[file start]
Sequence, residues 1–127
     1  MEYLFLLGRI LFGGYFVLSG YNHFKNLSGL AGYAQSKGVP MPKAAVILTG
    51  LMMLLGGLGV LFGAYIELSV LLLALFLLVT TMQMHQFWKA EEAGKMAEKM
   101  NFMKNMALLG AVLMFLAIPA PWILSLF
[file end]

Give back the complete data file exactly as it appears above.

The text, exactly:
Sequence, residues 1–127
     1  MEYLFLLGRI LFGGYFVLSG YNHFKNLSGL AGYAQSKGVP MPKAAVILTG
    51  LMMLLGGLGV LFGAYIELSV LLLALFLLVT TMQMHQFWKA EEAGKMAEKM
   101  NFMKNMALLG AVLMFLAIPA PWILSLF